China's exports surge at fastest pace in 3 years in February
China’s exports surged at the fastest pace in three years in February, suggesting both its economy and global growth remain resilient even as trade relations with the United States deteriorate after President Donald Trump announced planned US tariffs on steel and aluminum.
China’s February exports soared 44.5 percent from a year earlier, above analysts’ median forecast for a 13.6 percent increase and January’s 11.1 percent gain, official data showed yesterday.
Imports grew 6.3 percent, missing forecasts for 9.7 percent growth and down from a sharper-than-expected 36.9 percent jump in January.
Analysts caution that Chinese data early in the year can be heavily distorted by the timing of the Lunar New Year holiday, which fell in February this year but in January in 2017.
But combined January-February data also showed a dramatic acceleration in export growth, good news as China tries to crack down on risks in the financial system without sharply braking economic activity.
Exports rose 24.4 percent in January-February on-year, eclipsing 10.8 percent in December and up from single-digit growth in the same period last year. The gains came despite a much stronger yuan which is worrying the country’s exporters.
“The broad-based recovery in China’s major export markets could explain part of the reason why exports were still quite strong,” said Betty Wang, senior China economist at ANZ in Hong Kong.
But tension with the US is definitely a near-term concern and a near-term downside risk to China’s trade outlook, she added.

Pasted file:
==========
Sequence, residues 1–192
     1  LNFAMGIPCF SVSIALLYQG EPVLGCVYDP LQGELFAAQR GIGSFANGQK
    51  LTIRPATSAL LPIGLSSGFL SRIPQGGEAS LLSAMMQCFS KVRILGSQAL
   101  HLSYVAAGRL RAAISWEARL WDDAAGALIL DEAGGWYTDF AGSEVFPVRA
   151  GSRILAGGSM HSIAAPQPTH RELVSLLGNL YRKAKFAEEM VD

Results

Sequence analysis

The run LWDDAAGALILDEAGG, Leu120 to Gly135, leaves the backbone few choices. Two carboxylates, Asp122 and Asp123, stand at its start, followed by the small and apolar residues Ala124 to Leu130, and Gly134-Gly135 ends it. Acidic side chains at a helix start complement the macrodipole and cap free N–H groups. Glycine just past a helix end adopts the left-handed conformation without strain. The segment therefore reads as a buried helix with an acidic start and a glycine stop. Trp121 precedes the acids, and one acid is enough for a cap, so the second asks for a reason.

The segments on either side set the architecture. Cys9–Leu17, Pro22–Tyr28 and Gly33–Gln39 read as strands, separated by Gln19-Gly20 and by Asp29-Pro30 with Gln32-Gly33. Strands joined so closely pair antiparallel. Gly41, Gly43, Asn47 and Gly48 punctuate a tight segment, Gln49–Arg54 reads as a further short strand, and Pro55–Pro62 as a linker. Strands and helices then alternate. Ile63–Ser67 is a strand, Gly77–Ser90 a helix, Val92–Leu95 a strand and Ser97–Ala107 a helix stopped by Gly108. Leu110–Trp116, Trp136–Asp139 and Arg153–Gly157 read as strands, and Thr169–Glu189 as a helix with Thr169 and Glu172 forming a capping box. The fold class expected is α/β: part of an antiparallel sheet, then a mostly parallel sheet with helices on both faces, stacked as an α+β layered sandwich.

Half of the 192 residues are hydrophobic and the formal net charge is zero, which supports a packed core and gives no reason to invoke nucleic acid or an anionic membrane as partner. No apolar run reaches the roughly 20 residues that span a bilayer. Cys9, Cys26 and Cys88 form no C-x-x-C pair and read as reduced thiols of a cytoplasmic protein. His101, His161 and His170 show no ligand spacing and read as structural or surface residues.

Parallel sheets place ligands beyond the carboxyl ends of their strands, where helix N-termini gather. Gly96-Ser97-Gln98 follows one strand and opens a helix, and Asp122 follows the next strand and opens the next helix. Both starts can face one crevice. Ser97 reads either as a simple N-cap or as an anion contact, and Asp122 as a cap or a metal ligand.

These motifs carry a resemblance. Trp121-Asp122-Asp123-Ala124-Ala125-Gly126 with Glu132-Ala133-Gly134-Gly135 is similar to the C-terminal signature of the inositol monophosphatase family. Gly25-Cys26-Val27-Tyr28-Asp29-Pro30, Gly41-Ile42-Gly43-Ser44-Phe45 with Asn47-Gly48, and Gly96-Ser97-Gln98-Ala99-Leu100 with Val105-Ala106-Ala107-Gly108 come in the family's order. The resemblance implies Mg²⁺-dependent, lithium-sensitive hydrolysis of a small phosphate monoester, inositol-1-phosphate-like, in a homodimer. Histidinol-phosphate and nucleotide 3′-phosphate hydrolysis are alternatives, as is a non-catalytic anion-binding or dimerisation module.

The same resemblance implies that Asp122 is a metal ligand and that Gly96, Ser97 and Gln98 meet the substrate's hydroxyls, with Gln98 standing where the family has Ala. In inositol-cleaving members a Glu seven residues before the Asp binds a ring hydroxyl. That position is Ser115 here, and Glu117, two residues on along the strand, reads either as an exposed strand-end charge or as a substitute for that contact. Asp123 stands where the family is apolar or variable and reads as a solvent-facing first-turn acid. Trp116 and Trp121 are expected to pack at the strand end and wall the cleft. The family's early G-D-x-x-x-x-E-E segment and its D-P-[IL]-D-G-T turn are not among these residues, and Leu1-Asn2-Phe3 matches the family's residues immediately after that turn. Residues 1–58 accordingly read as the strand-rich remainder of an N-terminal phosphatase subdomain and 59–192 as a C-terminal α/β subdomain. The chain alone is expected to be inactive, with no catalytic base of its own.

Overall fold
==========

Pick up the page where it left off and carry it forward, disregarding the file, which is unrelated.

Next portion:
China’s goods surplus with the US, a sore spot in relations between the two nations, narrowed slightly last month but is higher so far this year than at the same point last year.
China’s trade surplus with the US was US$20.96 billion in February against US$21.89 billion in January.
Boosted by a global trade boom, China’s exports last year grew the fastest since 2013 and served as one of the key drivers behind the economy’s forecast-beating 6.9 percent expansion.
But tough US trade talk last year is now turning into action.
Trump was set to sign a proclamation today to impose the steel and aluminum tariffs, to counter imports.
The measures are set to go into effect in two weeks, but economists see little immediate impact on China.
China has already reduced steel exports to the US to a trickle in response to strong demand at home and US anti-dupming duties, and while aluminum shipments account for around 10 percent of its global exports of the metal, the number is still small compared with China’s total exports, said ING economist Iris Pang.
“All in all, the direct impact on China is minimal,” Pang said in a note published yesterday.
While China’s global steel exports have fallen by a third this year, tariffs on aluminum may be an easier sell for Trump, as China’s shipments rose over 35 percent in the first two months of the year.
Over time, however, any additional punitive US measures and retaliations by its major trading partners would cut global trade flows, disrupt international supply chains and drag on global growth.
At home, China’s domestic demand also appears solid, despite a cooling property market and rising borrowing costs that are expected to eventually rob the economy of some momentum.
While February import growth softened, it climbed 21.7 percent in the first two months of the year, compared with 4.5 percent in December. Imports of commodities again led the way, with steel mills replenishing inventories of iron ore ahead of the seasonal construction pick-up in spring.
China’s trade surplus widened to US$33.74 billion for February, beating forecasts for US$600 million and January’s US$20.35 billion. For January-February combined, the surplus rose 43.6 percent from the year earlier period to US$54.32 billion.
The strong trade performance suggests a possible upside surprise in China’s industrial output data next week and in economic growth for the first quarter as a whole. Analysts polled by Reuters earlier this year expected momentum to ease slightly to 6.6 percent this quarter from 6.8 percent late last year.
Premier Li Keqiang said on Monday that China aims to grow its economy by around 6.5 percent in 2018, flat from 2017.